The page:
Since March 26, 2015, more than 750 Yemenis have been killed by Saudi airstrikes, over 2,500 have been injured and more than 150,000 people have been displaced. None of that reflects the incredible destruction to the nation’s infrastructure as more than 12 million Yemenis are facing food and water shortages.

Ben Swann speaks with Yemeni activist Rabyaah Al-thaibani about the plight of the country’s citizens and their struggle for survival.

(Watch) MSNBC To Earnest: How Can You Keep Calling Yemen A ‘Success Story?’

By Al Weave

A cadre of MSNBC personalities challenged White House press secretary Josh Earnest Thursday morning over the administrations refusal to dial back its propping up of Yemen as a counterterrorism “success story.”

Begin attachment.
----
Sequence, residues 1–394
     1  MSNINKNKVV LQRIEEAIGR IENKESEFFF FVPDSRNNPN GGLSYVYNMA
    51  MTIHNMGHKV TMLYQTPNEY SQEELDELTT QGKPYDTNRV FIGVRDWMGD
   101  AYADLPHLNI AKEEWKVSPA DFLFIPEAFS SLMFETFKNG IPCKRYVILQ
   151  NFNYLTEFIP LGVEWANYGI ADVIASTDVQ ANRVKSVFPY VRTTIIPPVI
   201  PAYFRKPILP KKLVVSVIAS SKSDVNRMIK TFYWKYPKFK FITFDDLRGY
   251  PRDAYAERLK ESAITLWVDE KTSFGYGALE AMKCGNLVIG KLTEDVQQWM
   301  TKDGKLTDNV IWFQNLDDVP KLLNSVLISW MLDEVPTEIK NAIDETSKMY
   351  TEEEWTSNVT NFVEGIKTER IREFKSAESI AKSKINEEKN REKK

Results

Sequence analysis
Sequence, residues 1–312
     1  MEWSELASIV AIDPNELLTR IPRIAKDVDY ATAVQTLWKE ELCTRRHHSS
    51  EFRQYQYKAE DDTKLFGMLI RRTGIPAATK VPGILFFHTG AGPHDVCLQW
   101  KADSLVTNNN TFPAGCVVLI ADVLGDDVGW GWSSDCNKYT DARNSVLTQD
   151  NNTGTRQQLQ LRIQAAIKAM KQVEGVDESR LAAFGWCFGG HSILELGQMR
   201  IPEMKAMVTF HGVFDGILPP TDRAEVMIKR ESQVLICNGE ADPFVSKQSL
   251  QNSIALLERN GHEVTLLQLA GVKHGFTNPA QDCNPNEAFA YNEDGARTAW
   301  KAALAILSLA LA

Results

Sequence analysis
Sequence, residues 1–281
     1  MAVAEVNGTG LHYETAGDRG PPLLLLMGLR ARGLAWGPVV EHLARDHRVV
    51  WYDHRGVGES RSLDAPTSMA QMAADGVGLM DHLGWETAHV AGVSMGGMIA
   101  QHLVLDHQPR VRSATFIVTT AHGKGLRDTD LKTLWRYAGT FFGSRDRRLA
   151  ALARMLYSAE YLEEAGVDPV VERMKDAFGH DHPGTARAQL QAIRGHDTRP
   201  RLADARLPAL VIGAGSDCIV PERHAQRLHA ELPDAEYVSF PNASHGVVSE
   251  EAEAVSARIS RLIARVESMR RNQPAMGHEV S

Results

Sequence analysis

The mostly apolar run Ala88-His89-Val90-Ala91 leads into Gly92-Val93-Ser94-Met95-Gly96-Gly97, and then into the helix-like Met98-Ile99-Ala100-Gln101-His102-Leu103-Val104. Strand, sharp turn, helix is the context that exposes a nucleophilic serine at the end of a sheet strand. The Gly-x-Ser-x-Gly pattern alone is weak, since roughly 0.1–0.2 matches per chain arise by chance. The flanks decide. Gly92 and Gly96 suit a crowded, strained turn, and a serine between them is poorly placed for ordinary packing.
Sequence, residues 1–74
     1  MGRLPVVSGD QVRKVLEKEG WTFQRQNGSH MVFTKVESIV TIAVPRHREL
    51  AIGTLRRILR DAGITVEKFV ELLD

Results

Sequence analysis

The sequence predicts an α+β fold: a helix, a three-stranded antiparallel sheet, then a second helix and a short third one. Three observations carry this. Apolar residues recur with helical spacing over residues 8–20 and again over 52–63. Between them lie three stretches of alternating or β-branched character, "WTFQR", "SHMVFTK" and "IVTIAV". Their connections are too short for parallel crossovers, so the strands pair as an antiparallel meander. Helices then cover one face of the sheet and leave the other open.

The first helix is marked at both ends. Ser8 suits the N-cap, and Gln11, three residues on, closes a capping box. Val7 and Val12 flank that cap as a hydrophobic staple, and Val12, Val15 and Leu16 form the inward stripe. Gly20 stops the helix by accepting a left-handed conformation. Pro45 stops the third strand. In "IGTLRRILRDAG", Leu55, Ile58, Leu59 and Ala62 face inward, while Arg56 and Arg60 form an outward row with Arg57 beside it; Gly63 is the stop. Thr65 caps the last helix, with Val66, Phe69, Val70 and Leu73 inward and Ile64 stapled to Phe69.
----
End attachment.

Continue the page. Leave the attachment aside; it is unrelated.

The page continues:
Appearing on “Morning Joe,” Earnest tried pushing back against host Mika Brzezinski and White House correspondent Chris Jansing, telling them the U.S. still has “resources in the broader region” to carry out their counterterrorism operations even though Yemen isn’t a stable state anymore.

“Should we dial back on the words that it is a success story, when you have the president fleeing on a boat?” asked Brzezinski, who asked if the state is a success multiple times.

“The fact is that even though U.S. personnel is no longer in Yemen, the United States continues to have the capacity and resources and reach to be able to take strikes when necessary against extremists operating there,” Earnest said.